That Ghana depends on imported oil for domestic consumption is not in doubt and that price of fuel is closely linked to the economic conditions prevailing in the country, cannot be challenged.

For sometime now, any fuel price increase, no matter how small, impacts on the economic conditions of the citizens.

Indeed fuel price increases are closely linked to oil prices on the world market.

A major characteristic of the world oil market, according to experts is the uncertainty and high level of price fluctuations.

The market watchers say changes in price are usually induced by movements in supply and demand as well as speculating geopolitical conflicts as in the case of Libya and Iraq and natural disasters.

In our case, inflation also pays a major role in determining the price of the commodity because Ghana as a net importer of oil trades in the dollar.

With the cedi performing poorly against the dollar, fuel prices were bound to go up.

The current high fuel prices and its effect has brought some hardship to the ordinary people across the country.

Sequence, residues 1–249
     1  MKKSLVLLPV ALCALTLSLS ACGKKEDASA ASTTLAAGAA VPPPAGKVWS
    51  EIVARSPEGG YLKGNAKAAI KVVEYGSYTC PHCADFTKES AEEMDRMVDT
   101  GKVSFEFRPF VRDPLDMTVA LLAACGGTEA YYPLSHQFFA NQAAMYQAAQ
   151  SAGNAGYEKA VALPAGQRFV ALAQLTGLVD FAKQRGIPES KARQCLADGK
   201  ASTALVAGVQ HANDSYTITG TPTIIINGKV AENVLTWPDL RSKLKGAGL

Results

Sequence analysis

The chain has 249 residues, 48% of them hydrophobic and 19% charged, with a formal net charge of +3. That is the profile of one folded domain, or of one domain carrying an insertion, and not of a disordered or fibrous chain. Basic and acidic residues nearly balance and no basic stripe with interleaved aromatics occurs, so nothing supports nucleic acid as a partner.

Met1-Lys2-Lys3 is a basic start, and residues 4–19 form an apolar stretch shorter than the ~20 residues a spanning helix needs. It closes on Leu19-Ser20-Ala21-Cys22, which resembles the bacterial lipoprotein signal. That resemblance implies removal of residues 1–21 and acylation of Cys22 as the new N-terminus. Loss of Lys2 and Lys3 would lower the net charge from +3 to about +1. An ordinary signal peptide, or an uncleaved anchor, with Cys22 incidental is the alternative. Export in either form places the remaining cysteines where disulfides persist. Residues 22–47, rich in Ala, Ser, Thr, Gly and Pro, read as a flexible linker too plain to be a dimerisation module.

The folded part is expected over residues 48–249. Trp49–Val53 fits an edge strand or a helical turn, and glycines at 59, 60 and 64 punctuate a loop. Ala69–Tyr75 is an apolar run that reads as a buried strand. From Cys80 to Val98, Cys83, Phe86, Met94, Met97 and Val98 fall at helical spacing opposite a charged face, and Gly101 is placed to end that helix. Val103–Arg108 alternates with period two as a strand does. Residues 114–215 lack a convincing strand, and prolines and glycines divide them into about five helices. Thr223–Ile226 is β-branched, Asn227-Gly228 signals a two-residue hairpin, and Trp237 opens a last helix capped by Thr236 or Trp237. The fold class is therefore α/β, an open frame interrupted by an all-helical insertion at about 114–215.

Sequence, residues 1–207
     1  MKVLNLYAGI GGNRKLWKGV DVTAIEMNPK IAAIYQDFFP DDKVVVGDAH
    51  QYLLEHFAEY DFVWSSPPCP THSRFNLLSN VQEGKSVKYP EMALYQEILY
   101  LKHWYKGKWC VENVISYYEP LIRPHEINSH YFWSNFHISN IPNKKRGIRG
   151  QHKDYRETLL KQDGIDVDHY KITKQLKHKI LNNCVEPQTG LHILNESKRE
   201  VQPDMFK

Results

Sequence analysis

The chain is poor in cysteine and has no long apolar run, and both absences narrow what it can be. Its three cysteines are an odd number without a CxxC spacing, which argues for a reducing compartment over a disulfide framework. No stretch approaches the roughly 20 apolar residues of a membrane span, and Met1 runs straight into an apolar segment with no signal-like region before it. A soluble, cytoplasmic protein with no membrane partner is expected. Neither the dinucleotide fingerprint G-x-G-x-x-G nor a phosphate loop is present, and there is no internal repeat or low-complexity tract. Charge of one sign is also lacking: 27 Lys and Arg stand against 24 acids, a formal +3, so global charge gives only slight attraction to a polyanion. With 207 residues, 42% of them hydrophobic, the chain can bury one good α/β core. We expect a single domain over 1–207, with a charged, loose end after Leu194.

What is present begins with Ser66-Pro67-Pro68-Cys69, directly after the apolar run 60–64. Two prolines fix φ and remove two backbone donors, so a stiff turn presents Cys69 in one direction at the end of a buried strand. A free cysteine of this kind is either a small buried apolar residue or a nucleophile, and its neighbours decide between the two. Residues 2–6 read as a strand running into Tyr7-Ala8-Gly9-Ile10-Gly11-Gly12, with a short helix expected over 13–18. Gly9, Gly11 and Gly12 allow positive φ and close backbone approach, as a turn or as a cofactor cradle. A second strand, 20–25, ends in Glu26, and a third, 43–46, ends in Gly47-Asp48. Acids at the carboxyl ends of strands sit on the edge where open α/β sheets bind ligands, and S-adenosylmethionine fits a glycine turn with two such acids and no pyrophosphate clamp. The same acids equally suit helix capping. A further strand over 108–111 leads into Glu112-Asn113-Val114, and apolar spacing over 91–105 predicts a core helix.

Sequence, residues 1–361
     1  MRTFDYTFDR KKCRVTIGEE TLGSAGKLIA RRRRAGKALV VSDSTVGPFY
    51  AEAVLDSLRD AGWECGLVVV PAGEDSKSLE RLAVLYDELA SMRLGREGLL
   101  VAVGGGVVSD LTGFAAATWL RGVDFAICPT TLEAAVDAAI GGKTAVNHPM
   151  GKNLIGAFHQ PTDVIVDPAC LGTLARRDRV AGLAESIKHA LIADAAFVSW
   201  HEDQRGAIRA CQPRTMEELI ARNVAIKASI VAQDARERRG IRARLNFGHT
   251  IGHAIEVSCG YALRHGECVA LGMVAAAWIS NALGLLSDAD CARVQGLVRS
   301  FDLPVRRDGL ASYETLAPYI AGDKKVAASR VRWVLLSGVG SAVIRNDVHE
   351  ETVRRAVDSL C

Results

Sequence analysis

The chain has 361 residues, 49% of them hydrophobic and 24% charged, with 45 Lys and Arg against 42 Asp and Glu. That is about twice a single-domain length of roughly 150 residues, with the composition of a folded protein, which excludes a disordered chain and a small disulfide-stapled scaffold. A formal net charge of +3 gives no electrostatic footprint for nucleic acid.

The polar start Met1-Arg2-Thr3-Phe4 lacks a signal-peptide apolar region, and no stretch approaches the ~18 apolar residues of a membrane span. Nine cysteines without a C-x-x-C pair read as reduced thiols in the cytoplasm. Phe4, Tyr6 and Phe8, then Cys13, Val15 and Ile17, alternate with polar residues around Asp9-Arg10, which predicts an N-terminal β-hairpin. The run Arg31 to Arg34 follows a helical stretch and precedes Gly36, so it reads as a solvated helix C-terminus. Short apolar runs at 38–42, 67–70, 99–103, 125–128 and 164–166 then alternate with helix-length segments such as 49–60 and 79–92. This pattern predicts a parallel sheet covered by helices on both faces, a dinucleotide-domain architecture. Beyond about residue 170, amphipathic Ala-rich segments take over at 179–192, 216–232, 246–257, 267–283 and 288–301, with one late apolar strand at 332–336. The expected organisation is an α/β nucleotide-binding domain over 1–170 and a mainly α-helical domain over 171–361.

It is for this reason that the Trades Union Congress (TUC), on Tuesday called on the government to as a matter of urgency take a second look at the rising fuel prices, which it said was having adverse implication for cost of living in the country.

It suggested that the government scrap some of the taxes and fees on fuel prices to cushion Ghanaians, stressing that “Also the government must look into the various margins and their impact on fuel pricing”.

The Ghanaian Times agrees with the TUC that fuel price increase is biting all Ghanaians.

We share in the suggestion that government should take a second look at the taxes and levies on fuel prices and scrap some of them.

We acknowledge that not all the taxes and levies can be removed as government needs the taxes to develop the country.

But it is important that the government finds ways to cushion Ghanaians in these difficult times.

We know it would not be easy but as a listening government our appeal is that it must absorb some of the taxes in order to support the ordinary Ghanaians who are bearing the brunt of the fuel price increases.

The time to act to minimise the impact of the rising fuel prices on all of us is now.

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